Guest blog: what do I do if staff don’t return a signed contract?
I often get asked by salon owners for advice on what to do if staff refuse to sign their contract of employment, or simply fail to do so. I always recommend issuing contracts in the first week of employment. It’s a bit of work but eliminates all the later headaches.
What's the process?
You then give staff seven days to either sign and return their contract or to raise concerns with you. If it doesn’t happen, you release them in their trial period or make it clear that this is your plan if the contract doesn’t arrive signed by a second later deadline – in other words, give them a second chance.
Alternatively, you could tell them that if it isn’t signed by the second date you will assume they don’t wish to continue with their employment. An even better method is to issue the contract prior to their start date, then the offer can be simply withdrawn if the contract isn’t signed and returned prior to them beginning work with you.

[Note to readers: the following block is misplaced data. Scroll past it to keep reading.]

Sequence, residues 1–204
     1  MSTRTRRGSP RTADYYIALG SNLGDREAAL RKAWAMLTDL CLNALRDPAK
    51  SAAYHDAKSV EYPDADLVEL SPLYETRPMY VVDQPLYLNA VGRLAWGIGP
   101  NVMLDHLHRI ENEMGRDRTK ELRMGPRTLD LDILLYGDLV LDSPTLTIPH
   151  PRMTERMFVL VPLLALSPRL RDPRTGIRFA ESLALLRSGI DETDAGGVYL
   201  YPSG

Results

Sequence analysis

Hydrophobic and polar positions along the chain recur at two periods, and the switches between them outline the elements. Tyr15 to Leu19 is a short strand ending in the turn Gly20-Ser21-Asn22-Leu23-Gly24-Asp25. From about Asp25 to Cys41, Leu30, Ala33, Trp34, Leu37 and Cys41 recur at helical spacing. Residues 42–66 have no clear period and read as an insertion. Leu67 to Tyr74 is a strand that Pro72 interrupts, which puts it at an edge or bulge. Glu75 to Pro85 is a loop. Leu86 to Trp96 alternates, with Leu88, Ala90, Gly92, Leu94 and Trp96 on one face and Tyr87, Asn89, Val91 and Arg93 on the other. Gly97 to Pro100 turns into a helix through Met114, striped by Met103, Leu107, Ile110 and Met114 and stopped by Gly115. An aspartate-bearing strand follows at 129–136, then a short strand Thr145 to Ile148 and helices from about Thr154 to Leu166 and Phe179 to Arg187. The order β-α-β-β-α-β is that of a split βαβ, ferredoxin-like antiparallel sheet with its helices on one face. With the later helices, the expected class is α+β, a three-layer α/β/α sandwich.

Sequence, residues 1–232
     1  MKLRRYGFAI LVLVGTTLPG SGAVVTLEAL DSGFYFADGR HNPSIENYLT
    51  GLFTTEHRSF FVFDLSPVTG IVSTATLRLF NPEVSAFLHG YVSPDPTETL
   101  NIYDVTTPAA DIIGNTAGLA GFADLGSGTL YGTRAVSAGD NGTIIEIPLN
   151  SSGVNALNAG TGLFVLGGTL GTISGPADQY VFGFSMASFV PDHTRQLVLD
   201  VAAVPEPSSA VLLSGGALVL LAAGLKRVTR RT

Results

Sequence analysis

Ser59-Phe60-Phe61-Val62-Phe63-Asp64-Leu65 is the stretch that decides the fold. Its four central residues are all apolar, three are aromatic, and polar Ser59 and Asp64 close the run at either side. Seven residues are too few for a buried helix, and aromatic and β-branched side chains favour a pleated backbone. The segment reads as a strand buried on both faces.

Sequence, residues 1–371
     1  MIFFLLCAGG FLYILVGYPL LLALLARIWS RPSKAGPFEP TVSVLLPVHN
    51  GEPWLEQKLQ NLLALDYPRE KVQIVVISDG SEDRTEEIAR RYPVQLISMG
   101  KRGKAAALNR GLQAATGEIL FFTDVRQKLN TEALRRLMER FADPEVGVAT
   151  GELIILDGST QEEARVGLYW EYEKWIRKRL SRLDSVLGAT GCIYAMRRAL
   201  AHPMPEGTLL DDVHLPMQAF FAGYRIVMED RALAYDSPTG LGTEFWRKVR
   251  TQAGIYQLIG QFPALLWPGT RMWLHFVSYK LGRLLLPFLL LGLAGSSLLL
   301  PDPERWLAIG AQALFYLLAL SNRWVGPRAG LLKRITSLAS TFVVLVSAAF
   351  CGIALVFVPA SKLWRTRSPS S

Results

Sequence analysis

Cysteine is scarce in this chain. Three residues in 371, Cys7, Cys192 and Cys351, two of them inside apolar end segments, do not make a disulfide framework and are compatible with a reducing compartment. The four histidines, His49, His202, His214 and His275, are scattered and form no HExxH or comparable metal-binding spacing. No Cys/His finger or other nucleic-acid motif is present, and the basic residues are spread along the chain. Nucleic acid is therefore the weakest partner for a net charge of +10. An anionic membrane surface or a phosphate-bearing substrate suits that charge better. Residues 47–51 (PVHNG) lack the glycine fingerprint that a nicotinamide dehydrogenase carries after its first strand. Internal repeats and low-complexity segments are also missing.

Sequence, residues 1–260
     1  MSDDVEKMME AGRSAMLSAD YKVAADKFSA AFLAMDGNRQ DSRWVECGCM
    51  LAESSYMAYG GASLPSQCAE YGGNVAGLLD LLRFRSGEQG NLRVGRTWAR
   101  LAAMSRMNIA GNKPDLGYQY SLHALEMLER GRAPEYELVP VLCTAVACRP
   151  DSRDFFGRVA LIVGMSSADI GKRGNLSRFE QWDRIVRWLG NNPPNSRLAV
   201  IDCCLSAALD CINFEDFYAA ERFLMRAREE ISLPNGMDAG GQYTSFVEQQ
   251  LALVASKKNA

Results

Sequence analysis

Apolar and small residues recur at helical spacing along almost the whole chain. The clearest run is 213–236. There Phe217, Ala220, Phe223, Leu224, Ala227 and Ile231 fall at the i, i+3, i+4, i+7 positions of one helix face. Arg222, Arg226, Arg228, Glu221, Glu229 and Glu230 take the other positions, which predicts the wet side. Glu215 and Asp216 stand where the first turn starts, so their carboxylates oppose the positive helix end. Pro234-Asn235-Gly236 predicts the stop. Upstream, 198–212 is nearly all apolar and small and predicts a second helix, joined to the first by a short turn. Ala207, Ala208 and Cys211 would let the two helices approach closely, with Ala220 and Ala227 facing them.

What if the employee has concerns?
If the employee has concerns then of course you should try to resolve them, but it should not be an option for them to continue to work if the contract remains unsigned. Employees often believe that if they haven’t signed the contract they aren’t bound by its terms, but this isn’t the case. By taking receipt of it then continuing to turn up for work they have effectively accepted it.
However, don’t leave it to chance. It’s still advisable to write to the employee and confirm that they have accepted all the benefits outlined in the contract and you are assuming, if they continue to work for you, that they have also accepted all terms in the document.
David Wright is a consultant in all aspects of employment practice and law. He is the main employment law consultant for Habia and provides a personalised support service for UK salons.